If yesterday is any indication, investors aren’t buying JC Penney’s quick fix for its failure to get across its “everyday low pricing” strategy to consumers: the beheading of president Michael Francis in a terse press release dated this Sunday. Its share price plunged more than 8% even as CEO Ron Johnson and lead investor Bill Ackman sought to put a positive spin on the future.
Covering the story from New York for the UK’s Guardian, Dominic Rushe writes that “investors have panicked following JC Penney’s decision to ditch a leader player in the ‘dream team’ planning an up-market makeover for the troubled retailer.”
“Penney’s the gift that keeps on giving not just to the short-sellers but to this troika of very lucky competitors,” says “Mad Money” host Jim Cramer. That very capitalist troika consists of Target, Macy’s and Wal-Mart to whom Plano, Texas-based Penney “appears to be handing over billions of dollars in sales,” claims Cramer.
Hey, have a little patience, says Penney.
“Penney has repeatedly said the transformation would take three years,” Dana Mattioli points out in the Wall Street Journal. “Shareholders aren’t showing much patience.”
Although the company did not give a reason for Francis’ departure in its press release, it joined in with analysts and other observers who have been pointing to the debacle in executing the “everyday low price” strategy that is the brainchild of Johnson, who joined the company last year after leading Apple’s retail surge since 2004.
“The bottom line is, the marketing strategy wasn’t working,” says Pershing Square Capital Management’s Bill Ackman in a piece by Bloomberg Businessweek’s Lauren Coleman-Lochner. “Ron decided that he really needed to take over the marketing and advertising.”
The fact that Pershing Square Capital is the company’s largest shareholder lends some weight to Ackman’s observation that he is “very comfortable” with the decision and believes in the strategy Johnson will now guide hands-on. “The problem was, the pricing message wasn’t conveyed to the customer properly,” Ackman avers.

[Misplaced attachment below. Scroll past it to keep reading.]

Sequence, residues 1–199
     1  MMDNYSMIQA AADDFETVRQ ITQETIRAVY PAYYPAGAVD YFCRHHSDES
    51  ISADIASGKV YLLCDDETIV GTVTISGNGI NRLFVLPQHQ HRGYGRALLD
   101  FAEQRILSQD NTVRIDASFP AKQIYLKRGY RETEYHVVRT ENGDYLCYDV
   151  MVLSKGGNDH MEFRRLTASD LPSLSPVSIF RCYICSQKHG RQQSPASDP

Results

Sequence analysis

Francis had a “very artistic and streamlined approach to marketing, but it wasn’t getting the message across,” Macquarie Group analyst Lizabeth Dunn tells Coleman-Lochner. “It seemed as though that was a philosophical difference with Michael Francis and the rest of the management team.”
But some analysts see the move more cynically.
“Since Ron Johnson was unlikely to fire himself due to early turnaround missteps, he appears to have decided to swing the axe over the head of the person he handpicked as president of JC Penney,” writes NBG Productions’ Brian Sozzi in a widely quoted note.
“What they were doing hasn’t worked. [Francis] is the fall guy,” says retail consultant Walter Loeb, in a story by the AP’s Anne D’Innocenzio, who writes that the company is not only attempting to “better explain” its pricing structure in revamped marketing efforts but also is “backpedaling” a bit.
“It added five ‘Best Price Friday’ sales throughout the year, including one on the Friday before Memorial Day weekend,” writes D’Innocenzio. “That’s in addition to the Best Price Friday sales, which are held on the first and third Friday of every month.” And the word “sale” is no longer verboten.
“We have to wonder that if a marketing whiz in Francis was unable to clear the path for improved customer perception, if a turnaround of the brand is proving more challenging than even negative developments would suggest,” NBG Productions’ Sozzi also wrote, as quoted by Forbes’ Steve Shaefer.
Mattioli points out that the strategy is swimming against the steam.
“Johnson’s attempt to reset the pricing on mass-market clothes comes after several seasons of steep discounts in which retailers have effectively trained consumers to wait for markdowns — even if prices were artificially marked up in the first place.”
Francis, who was lured to Penney last October with a $12-million signing bonus, had been leading Target’s marketing and merchandising efforts since 2008, when he added CMO to his EVP title. He’d spent most of his career at Target, in fact, beginning his career an executive trainee with Marshall Field’s in 1986. He joined Dayton Hudson, Target’s parent, when it acquired Fields in 1990.
Penney’s announcement of Francis’ hiring said that he “will be responsible for all merchandising, marketing, planning and allocation, and product development and sourcing functions….”
Johnson tells the WSJ’s Mattioli that he may not hire a replacement for Francis. It may be fitting that today is actually the summer soltice as, with all those added responsibilities, he is clearly facing some very long nights at the office.